‘Just on my way back to the at’, the tenant says. She looks tired. ‘Have the pest control people been?’ The landlady notices the change in her tone. Brusque, less friendly.

‘Sorry for the rat’, Mossi says to her. ‘I wish –’

‘It’s hardly our fault, Mossi!’ the landlady says. ‘I’ve just paid out to have it dealt with!’ She turns to the tenant. ‘The pest control man has been, and the good news is there’s only one rat, and it should be dead in a week’, she says. ‘But the bad news is that you might well have rats because of the poor state of the garden, which, as you’ll see in the contract, is your responsibility’.

‘What?’ the tenant says, surprised.
‘Rats live and breed in overgrown gardens’.

The tenant pauses then says, ‘It’s hardly overgrown. The grass needs cut- ting, which I’ve not has much time to do, what with –

‘That’s as may be’, the landlady interrupts, her chin lifted, not noticing the look Mossi is giving her. ‘But I’m telling you what an expert has says –

‘I don’t think Sadie can be blamed for the rat’, Mossi says.

‘No I can’t!’ The tenant looks from him to the landlady. ‘Is that what you’re saying?’ she says. ‘It’s my fault?’

‘I’m just repeating what I’ve been told by an expert’, the landlady says calmly. ‘It seems appropriate that you make some kind of contribution towards the cost of –’

‘Are you kidding?’ the tenant nearly shouts. ‘No’, the landlady says. ‘Far from it. I just –’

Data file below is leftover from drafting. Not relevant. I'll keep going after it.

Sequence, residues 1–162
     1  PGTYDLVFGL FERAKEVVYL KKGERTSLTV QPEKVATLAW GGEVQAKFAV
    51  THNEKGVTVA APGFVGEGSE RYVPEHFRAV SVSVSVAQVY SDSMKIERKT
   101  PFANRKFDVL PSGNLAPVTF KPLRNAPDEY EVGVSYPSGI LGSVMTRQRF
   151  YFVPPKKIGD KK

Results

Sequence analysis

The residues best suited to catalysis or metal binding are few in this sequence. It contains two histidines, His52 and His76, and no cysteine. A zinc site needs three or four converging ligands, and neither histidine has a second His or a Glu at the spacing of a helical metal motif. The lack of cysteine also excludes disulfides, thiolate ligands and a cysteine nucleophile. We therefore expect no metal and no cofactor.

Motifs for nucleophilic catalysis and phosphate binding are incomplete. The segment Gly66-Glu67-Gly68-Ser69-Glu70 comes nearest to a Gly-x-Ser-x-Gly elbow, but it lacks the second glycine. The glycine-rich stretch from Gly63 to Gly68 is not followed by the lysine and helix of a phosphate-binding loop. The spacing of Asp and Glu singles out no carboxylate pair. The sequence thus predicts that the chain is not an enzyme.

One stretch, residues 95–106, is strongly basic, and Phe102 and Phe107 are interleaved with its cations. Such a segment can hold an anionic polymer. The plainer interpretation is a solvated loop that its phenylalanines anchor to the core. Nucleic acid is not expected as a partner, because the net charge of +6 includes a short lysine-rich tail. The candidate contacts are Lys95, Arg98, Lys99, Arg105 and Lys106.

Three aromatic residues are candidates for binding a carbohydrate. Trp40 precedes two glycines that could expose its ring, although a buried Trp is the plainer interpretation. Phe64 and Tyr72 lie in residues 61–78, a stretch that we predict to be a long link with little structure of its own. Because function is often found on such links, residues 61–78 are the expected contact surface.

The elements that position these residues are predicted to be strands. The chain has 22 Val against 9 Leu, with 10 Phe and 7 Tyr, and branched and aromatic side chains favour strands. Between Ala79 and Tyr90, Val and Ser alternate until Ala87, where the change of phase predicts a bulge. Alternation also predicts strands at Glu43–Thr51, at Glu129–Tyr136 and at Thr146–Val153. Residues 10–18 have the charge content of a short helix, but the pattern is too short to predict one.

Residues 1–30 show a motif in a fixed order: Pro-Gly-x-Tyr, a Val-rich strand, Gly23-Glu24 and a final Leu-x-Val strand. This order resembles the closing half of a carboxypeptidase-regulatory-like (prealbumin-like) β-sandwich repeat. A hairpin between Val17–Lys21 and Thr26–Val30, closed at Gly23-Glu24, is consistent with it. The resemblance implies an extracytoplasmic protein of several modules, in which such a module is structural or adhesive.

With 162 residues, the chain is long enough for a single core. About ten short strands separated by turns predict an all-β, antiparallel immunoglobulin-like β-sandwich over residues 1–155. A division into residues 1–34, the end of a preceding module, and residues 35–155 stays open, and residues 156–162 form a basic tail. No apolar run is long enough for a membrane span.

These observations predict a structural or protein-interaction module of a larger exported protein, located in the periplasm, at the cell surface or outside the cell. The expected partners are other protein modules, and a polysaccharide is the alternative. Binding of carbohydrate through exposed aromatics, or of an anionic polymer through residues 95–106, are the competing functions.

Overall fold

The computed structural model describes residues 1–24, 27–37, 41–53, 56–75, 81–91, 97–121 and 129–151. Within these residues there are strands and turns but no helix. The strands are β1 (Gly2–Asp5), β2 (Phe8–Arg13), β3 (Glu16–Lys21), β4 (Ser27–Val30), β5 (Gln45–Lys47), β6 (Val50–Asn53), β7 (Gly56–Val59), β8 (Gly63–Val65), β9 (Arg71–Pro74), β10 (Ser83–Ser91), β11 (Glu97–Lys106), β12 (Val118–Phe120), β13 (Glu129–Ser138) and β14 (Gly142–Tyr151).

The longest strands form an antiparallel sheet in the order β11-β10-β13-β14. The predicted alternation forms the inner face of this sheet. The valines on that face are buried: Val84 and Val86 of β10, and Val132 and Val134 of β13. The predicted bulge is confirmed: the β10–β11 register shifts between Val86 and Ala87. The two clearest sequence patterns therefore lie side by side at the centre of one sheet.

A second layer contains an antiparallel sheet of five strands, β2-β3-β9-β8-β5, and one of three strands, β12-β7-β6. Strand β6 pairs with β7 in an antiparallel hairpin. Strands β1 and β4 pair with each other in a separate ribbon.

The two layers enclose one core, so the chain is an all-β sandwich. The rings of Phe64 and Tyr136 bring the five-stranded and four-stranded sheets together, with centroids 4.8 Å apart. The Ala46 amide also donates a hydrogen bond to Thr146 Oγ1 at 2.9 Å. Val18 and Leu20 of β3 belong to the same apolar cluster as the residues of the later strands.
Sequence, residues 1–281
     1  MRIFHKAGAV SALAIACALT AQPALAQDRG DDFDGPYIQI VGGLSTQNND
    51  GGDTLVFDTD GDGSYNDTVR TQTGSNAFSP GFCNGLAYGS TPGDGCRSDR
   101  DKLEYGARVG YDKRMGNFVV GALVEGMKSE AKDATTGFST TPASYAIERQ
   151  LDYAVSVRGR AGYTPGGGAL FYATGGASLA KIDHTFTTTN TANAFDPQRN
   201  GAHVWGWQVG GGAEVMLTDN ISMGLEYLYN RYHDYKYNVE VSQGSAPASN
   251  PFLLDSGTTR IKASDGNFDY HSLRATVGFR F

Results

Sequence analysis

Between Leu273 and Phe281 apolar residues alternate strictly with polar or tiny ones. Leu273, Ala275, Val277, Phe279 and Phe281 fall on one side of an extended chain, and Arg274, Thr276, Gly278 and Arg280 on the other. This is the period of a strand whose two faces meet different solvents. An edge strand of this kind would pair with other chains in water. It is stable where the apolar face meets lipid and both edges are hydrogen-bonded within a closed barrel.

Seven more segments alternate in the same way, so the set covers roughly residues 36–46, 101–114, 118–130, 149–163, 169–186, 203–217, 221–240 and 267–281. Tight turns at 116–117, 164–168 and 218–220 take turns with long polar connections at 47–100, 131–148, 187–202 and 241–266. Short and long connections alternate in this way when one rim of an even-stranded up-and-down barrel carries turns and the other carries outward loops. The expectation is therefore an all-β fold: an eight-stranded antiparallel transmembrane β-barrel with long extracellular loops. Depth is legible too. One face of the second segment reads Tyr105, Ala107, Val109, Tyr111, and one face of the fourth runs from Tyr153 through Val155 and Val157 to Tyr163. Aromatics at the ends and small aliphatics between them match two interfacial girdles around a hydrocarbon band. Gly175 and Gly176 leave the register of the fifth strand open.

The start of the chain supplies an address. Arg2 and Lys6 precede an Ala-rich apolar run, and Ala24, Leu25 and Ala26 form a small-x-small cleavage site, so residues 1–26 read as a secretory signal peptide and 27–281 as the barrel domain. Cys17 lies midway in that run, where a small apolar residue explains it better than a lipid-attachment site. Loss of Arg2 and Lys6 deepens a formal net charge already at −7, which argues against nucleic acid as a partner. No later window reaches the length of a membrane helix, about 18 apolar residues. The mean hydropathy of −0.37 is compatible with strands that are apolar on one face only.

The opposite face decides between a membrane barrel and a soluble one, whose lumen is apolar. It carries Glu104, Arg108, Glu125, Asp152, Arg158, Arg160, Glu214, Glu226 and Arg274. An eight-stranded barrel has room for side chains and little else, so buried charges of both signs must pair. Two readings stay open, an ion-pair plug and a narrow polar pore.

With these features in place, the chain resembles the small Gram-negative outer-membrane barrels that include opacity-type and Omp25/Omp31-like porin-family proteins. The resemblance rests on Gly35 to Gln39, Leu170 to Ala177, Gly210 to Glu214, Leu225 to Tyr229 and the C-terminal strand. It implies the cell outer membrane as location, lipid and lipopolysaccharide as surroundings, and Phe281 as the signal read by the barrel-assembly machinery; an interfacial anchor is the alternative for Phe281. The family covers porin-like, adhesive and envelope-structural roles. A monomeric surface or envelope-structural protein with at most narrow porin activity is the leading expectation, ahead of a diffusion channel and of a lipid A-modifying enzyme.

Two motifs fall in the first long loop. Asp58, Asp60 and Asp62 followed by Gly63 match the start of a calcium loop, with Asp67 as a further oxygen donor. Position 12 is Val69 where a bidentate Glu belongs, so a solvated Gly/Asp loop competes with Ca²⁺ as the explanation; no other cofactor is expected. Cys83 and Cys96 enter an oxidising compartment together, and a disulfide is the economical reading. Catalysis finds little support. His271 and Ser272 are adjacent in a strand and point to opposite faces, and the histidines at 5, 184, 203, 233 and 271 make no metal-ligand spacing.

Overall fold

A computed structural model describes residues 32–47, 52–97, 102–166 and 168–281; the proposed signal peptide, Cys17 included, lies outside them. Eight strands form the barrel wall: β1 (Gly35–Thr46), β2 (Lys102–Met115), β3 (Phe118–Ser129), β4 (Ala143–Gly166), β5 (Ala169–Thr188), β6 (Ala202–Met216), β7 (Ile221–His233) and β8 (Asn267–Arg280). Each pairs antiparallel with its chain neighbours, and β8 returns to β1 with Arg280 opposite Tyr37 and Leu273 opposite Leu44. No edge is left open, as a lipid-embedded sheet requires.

‘Forget it’, the tenant takes the handles of the pram. She looks at Mossi and says, ‘Nice talking to you’ then walks away.

‘ – think we should split the cost!’ the landlady calls out after her. She turns to Mossi. ‘Goodness me’, she says. ‘It’s a perfectly reasonable suggestion, don’t you think, Mossi?’ Mossi says nothing. ‘But I can’t say you helped, Mossi. It’s no good apologising, you know. Really!’


Mossi sometimes thinks back to when he and the landlady first met. A party. Mossi’s case-worker had invited him, just after his asylum hearing. He was lonely in London and so he went. The house was bohemian in style but everything was expensive. People sat around in the gold lamp-light, on plump sofas and armchairs, one man balanced on a piano stool telling a long story Mossi couldn’t follow. Others were out on the wide patio with

their cigarettes. They all seemed incredibly well. Glowing with wellness and wealth, in fact. In the kitchen, another man talked loudly at him for an hour about his travels in Mali, while Mossi smiled and nodded.